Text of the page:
Classification: Straight Bourbon
Distillery: Combination of bourbon distilled by the Stitzel-Weller Distilling Company and other straight bourbons
Released: April 2018
Color: Light Copper
MSRP: $50 (2018)
Blade and Bow is produced at the original site of the iconic Stitzel-Weller Distillery in Louisville, Kentucky. The original distillery closed its doors in 1992, and Diageo reopened the facility in 2014. In regards to the origins of the Blade and Bow name, it represents the two parts of a skeleton key, the blade shaft and the ornate bow. Diageo states that “The Blade and Bow brand is a tribute to the five keys that once hung on the door of the Stitzel-Weller Distillery,” which stands for the five steps of making bourbon - grains, yeast, fermentation, distillation, and aging.
Unlike it’s older brother Blade and Bow 22 Year, the standard No Age Statement (NAS) Blade and Bow is produced by utilizing the solera aging method. According to Diageo, some of the last bourbon produced at Stitzel-Weller is used in their solera system. They state that “Older bourbon from Stitzel-Weller is mingled with other younger whiskies. No barrel is ever fully drained, ensuring the oldest bourbon is always present.”
The nose is light and airy and starts with aromas of peaches, honey, hay, and light oak. These scents are encapsulated within a dose of ethanol, which I wasn’t expecting to be so prominent for a 91 proof bourbon.
The peaches from the nose carry over and are joined with white pepper, vanilla, oak, and a little grain spice. It’s light and enjoyable with a nice balance of sweet and a dash of spice. The palate makes this really easy to sip on.
The finish starts with a spurt of light heat up front that mellows into sweeter notes. The fruit flavor and vanilla carry through and mingle with light oak. They’re further joined by a hint of aged leather at the end. These fade leaving just the oak to man the party, which lingers for longer than expected.
Solera aging is a rarity in the bourbon world. Few distilleries actually use this method due to the intensive labor involved in producing the end product. Additionally, the fact that Blade and Bow utilizes original Stitzel-Weller distillate in their solera process makes this all the more unique.
It should be pointed out however, that while Stitzel-Weller distillate is used in the method, consumers actually have no idea how much ends up in each bottle. In all likelihood, it’s a very miniscule amount. While not a false statement, it feels like more of a marketing ploy than anything. The same can be said about distilling and aging in the Stitzel-Weller Distillery. Yes it’s iconic, but the name alone isn’t what made the older stocks of Stitzel-Weller bourbon so special. It was the skill of the distillers and the ingredients at the time that made the bourbon what it was.
Blade and Bow seems to have all the right ingredients to charge a high price, the Stitzel-Weller name, the Stitzel-Weller location, and the Stitzel-Weller stock, along with a solera aging method. So few distilleries use the solera method to produce bourbon that Diageo is the only large producer utilizing this method. While they may be the largest, that doesn’t mean that their aren’t others utilizing this method. In fact one company we’d reviewed is Hillrock Estate Distillery and their Hillrock Estate Solera Aged Bourbon which retails for $90. In comparison Blade and Bow’s price tag is $50. On paper it feels like a deal and that’s not even factoring in the other aforementioned traits. Keep in mind though that Hillrock’s higher price tag also delivers a bourbon with a more developed flavor profile too.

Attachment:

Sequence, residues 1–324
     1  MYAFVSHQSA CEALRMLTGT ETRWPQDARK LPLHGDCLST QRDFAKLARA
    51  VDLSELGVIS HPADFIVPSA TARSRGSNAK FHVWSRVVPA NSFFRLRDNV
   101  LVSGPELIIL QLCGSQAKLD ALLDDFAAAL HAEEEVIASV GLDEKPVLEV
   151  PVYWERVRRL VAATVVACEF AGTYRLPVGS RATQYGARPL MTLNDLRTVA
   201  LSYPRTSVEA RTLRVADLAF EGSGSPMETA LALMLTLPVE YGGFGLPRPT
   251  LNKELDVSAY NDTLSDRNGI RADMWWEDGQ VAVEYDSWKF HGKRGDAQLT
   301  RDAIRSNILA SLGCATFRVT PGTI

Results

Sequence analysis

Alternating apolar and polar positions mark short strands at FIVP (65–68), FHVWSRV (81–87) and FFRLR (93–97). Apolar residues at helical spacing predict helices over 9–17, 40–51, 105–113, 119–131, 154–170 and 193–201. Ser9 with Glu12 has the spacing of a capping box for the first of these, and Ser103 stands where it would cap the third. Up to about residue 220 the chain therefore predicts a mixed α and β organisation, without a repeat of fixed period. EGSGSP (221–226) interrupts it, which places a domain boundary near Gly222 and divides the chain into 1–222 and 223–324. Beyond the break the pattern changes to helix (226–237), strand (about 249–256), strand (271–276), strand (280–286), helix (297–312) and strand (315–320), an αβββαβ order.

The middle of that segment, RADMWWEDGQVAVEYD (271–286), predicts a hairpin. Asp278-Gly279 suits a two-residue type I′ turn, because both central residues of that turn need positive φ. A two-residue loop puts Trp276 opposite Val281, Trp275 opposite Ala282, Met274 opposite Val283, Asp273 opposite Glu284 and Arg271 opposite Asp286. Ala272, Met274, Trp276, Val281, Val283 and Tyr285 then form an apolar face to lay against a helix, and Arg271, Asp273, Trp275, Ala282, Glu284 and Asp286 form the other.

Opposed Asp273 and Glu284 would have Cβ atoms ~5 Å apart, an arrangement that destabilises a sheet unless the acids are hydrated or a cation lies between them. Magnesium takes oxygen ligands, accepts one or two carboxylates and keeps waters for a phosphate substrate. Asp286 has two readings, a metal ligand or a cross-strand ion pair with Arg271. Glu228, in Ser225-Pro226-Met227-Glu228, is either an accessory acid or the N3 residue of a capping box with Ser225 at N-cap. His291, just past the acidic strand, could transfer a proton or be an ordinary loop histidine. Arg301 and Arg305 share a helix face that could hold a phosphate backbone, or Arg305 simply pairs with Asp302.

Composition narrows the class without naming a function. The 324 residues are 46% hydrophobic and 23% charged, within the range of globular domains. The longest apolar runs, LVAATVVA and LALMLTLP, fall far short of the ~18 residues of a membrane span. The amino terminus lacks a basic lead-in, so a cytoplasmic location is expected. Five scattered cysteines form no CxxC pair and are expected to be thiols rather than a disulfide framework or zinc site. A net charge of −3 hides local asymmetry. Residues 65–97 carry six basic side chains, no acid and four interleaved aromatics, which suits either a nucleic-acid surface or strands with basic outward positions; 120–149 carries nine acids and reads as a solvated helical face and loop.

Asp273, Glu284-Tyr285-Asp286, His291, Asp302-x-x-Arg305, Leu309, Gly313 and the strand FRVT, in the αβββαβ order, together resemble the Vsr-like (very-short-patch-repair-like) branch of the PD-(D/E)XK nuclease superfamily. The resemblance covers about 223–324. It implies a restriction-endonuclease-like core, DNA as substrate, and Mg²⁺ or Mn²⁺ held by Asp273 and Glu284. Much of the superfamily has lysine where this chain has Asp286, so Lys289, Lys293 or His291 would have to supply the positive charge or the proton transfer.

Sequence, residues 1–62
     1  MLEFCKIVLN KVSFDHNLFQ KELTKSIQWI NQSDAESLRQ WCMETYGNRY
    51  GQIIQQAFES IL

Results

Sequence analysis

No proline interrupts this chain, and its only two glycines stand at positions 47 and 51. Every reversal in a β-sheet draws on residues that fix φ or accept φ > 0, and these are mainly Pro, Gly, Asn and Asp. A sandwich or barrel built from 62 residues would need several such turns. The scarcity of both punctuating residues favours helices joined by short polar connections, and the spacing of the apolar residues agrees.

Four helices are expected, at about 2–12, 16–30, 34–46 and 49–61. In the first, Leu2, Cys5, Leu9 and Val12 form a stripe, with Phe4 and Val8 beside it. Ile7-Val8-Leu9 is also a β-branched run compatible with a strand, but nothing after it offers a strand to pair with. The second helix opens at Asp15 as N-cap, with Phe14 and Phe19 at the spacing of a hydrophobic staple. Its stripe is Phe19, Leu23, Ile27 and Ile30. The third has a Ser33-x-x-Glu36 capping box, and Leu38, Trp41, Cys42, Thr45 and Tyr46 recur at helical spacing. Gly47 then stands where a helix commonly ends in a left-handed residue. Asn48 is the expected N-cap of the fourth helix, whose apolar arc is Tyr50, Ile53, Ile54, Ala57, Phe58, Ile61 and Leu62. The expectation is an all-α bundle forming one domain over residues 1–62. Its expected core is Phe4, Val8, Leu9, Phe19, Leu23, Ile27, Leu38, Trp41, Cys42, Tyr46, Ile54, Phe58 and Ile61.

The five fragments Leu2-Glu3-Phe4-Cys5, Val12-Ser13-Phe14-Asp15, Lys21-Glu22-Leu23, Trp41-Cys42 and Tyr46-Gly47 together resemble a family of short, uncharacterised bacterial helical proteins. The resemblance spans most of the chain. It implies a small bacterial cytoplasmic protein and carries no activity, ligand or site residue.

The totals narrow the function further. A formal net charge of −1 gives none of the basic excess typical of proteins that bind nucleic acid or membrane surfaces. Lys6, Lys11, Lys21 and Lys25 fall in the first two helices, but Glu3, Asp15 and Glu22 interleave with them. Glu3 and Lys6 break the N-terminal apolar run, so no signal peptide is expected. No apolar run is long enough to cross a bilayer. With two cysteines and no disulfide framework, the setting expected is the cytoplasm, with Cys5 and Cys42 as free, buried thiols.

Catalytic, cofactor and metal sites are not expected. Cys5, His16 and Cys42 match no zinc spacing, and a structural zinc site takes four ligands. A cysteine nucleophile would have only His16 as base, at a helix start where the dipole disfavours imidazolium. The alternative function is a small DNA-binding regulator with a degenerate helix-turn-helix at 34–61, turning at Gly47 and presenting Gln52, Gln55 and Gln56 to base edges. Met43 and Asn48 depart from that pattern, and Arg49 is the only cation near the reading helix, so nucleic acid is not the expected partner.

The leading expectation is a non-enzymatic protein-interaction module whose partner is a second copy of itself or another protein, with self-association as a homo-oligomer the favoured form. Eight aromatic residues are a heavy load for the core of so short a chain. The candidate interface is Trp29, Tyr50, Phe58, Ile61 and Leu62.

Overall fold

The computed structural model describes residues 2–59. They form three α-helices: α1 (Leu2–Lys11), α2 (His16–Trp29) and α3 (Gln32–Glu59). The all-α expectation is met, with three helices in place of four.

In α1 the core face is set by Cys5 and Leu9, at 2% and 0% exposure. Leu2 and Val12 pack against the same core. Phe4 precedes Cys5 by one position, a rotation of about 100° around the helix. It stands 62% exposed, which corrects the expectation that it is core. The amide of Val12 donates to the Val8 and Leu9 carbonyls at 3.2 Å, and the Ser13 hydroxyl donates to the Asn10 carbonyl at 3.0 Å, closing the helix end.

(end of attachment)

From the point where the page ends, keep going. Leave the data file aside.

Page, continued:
However there’s the story of Blade and Bow, and then there’s the reality. It’s a great everyday sipping bourbon, and also forms a great base for a cocktail, you can also find a lot of bourbons out there that do the same for less. In the end I can’t help but feel you’re paying for the process and the name, versus the actual bourbon in the bottle. If you’re looking for an everyday sipping bourbon, there are a lot of great bourbons out there that will fill this need too.
Focusing on the Stitzel-Weller name more so than the bourbon itself, Blade and Bow is a good reminder that you can’t judge a book by its cover alone.
I’ll be the first to say that Blade and Bow isn’t a bad bourbon. I find it to be a perfectly acceptable everyday sipper that also works great in a number of cocktails due to its fruit-forward flavor profile. Granted while it may be priced higher than it should be, it offers the consumer an introductory experience to solera aged bourbon at a more affordable price than many of its peers.
What rubs me the wrong way though is how heavily Diageo leans on the Stitzel-Weller name to promote this brand. Sure it contains some amount of actual Stitzel-Weller distillate, but it’s in no way comparable to any of the actual Stitzel-Weller bottles I’ve tasted. It’s a shame that this wasn’t released as a new brand from a newly named distillery by Diageo. Had that been the case it would have been a great backstory with an average yet tasty bourbon. Instead, Blade and Bow is left chasing the ghosts of Stitzel-Weller and asked to perform an impossible task of trying to live up to the name of a former industry great.